This week, PACE is pleased to feature a guest blog by Dr. David Gattie, a faculty member at the University of Georgia with deep expertise in energy policy, and co-author of our 2017 paper on net metering.
The U.S. Energy Information Administration recently released new data for 2017, so I compiled a few statistics for some of the top GDPs in the U.S. In particular, average residential rates since 1990 (Figure 1) and the energy portfolios for those states (Figure 2). Since my home state is Georgia and we’re working toward the completion of the only nuclear reactors under construction in the U.S., I have highlighted Georgia green.
As most in the U.S. may know, Georgia operates in a regulated market and, in my opinion, this provides fundamental benefits that deregulated markets can’t offer. One being the capacity to look out over the long-term and take into account the policy constraints that are likely to be imposed on the utility industry–in particular, carbon constraints. In addition, our existing coal fleet will eventually shut down and the Georgia PSC, along with Georgia Power, Oglethorpe Power and the MEAGs of Georgia, are working to position the state for a continuation of reliable, baseload power generation. Consequently, we are in a position to leverage that long-term perspective in the construction of Vogtle Units 3&4, where this new generation capacity will be not only reliable baseload–it will also be zero-carbon.
Georgia has a good track record for reliability and low rates. Here, in Figure 1, the trends indicate that since 1990 Georgia has consistently ranked below the U.S. average in residential rates (cents/kWhr) and well below the rates in some of the deregulated markets to the north (e.g., New York, New Jersey, Massachusetts, Pennsylvania, Ohio, Michigan, Illinois and Maryland. This is not to imply causation–it is only an observation. I’ve also inserted a box indicating rates for February 2018.
Figure 1. Average residential rates for leading U.S. state GDPs. Rates for February, 2018 are inserted for most recent comparisons.
A closer look at the respective portfolios for these states provides a little more insight as to where each state stands on traditional baseload power (i.e., coal and nuclear), natural gas and renewables. I include only solar and wind for this profile.
Table 1. Profiles of the leading state GDPs for the year 2017, including average residential rates, total generation and the respective energy portfolio breakdown.
Again, this is not meant to convey causation. Rather, it is only a snapshot of 2017 with a few observations below.
Georgia: Doing Its Share in Nuclear and Renewables
With the recent announcement from Southern Company CEO, Tom Fanning, that the company is planning on a low-carbon future with little-to-no coal capacity, the recent transition from coal to gas plays well with the current new nuclear capacity at Plant Vogtle and the ongoing penetration of solar at a measured, calculated pace. At the national level, Georgia’s 1.4% solar share is on pace with the national average, while its commitment to the completion of the two reactors at Vogtle will signal to the rest of the world that American hasn’t abandoned nuclear. As I’ve said many times in my commentaries on U.S. nuclear power and in my policy proposals, the U.S. must retain its technological leadership in the global nuclear cycle as China is developing an aggressive nuclear power program and is already in the mode of referring to the U.S. as being in retreat. The following quote is from a recent article about China fast-tracking its nuclear energy industry:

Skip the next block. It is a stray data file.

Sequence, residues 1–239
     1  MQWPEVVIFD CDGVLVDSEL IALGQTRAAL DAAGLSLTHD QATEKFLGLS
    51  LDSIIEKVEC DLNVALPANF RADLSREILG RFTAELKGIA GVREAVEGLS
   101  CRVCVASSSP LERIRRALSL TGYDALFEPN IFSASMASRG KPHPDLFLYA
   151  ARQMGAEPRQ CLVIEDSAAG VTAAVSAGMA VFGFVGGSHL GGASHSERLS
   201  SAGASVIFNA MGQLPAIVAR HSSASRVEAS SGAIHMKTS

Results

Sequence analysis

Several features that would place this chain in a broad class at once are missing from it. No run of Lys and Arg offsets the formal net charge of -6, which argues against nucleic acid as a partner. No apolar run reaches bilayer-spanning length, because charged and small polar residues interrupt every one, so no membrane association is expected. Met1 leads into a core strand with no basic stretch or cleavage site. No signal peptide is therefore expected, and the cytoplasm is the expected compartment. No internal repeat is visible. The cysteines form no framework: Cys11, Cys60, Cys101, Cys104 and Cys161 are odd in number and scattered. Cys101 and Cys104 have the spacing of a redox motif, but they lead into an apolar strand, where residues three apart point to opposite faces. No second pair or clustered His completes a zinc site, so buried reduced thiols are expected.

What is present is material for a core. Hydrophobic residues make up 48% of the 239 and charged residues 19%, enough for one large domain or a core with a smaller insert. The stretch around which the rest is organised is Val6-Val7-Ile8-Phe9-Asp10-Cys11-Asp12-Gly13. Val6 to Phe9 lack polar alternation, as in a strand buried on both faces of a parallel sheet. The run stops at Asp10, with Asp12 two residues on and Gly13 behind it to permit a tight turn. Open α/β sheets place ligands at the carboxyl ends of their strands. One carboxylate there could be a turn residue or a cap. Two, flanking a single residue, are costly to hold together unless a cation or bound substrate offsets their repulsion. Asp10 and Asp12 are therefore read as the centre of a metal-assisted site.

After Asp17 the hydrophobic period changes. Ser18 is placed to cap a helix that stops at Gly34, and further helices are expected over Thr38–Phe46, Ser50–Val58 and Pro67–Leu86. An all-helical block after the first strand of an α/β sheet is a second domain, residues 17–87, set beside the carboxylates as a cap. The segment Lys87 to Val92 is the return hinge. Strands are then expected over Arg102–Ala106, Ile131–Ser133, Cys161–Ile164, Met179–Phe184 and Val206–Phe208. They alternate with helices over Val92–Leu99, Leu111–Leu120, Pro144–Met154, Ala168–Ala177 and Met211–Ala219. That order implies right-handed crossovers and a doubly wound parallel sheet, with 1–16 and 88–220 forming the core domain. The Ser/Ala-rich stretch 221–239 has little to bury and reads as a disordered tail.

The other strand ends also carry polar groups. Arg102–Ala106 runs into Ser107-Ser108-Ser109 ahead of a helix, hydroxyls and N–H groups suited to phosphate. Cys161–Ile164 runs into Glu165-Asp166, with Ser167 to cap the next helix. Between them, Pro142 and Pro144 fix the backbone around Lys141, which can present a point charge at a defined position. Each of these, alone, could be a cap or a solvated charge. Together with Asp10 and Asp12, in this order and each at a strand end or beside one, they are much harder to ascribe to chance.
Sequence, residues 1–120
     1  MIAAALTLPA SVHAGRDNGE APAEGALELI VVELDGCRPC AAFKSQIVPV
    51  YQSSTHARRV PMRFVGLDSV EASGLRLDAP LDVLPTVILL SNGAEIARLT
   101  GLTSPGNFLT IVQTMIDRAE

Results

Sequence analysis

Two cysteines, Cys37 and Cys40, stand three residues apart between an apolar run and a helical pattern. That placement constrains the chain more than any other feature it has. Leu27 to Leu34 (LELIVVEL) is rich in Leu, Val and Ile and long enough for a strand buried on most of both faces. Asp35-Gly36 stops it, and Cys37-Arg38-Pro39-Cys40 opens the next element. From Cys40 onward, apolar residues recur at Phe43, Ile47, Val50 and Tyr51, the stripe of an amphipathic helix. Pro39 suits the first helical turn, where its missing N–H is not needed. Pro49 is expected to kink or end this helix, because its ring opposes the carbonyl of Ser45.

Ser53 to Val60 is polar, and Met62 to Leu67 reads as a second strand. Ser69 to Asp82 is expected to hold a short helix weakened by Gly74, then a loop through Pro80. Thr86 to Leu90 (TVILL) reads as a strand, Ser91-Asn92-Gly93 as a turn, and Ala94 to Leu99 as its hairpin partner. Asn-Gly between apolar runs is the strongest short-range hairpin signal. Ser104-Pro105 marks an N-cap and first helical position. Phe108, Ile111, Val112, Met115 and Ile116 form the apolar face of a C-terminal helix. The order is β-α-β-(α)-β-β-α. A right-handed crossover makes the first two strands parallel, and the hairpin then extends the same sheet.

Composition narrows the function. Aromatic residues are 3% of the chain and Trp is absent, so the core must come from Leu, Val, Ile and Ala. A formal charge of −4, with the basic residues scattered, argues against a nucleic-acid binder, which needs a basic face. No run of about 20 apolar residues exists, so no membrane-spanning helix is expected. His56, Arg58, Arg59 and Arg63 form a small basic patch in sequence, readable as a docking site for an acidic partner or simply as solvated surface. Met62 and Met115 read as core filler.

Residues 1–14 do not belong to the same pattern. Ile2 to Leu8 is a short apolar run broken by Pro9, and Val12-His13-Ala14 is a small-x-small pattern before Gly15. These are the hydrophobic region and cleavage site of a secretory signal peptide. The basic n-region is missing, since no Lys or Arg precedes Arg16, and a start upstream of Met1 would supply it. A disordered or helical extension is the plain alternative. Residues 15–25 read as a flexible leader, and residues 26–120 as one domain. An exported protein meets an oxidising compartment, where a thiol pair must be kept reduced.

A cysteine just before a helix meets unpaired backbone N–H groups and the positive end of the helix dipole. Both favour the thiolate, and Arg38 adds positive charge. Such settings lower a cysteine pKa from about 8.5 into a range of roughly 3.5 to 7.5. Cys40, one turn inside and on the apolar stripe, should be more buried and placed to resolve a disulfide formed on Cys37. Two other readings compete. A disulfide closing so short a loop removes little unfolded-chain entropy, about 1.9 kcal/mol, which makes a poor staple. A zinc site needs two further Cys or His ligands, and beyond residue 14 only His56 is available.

“China is the fastest-expanding nuclear power generator in the world, underscoring the huge potential of the country’s nuclear sector at a time when traditional giants like the US are retreating,” Lin Boqiang, director of the China Center for Energy Economics Research at Xiamen University, told the Global Times on Tuesday.
In this article, Lin went on to point out the contrast between the Chinese and the U.S. approach. “China has an incomparable advantage in developing nuclear power — the sheer size of State-owned nuclear enterprises, which have long-term stability and rich financing sources to support research and development spending. They are also not as vulnerable to market risks as their private counterparts,” Lin said. “The huge injection of capital at the initial stage could be balanced by quantity production in later phases, providing economic efficiency.”
A critical point here is that Chinese SOEs can sustain risks that private U.S. companies generally can’t, meaning China can look long-term for the economics to eventually work out for them.
A robust U.S. nuclear power sector remains an issue of national security, and Georgia is doing its part to ensure that nuclear power remains a part of America’s future and America’s legacy.
And the low rates in Georgia are an added bonus.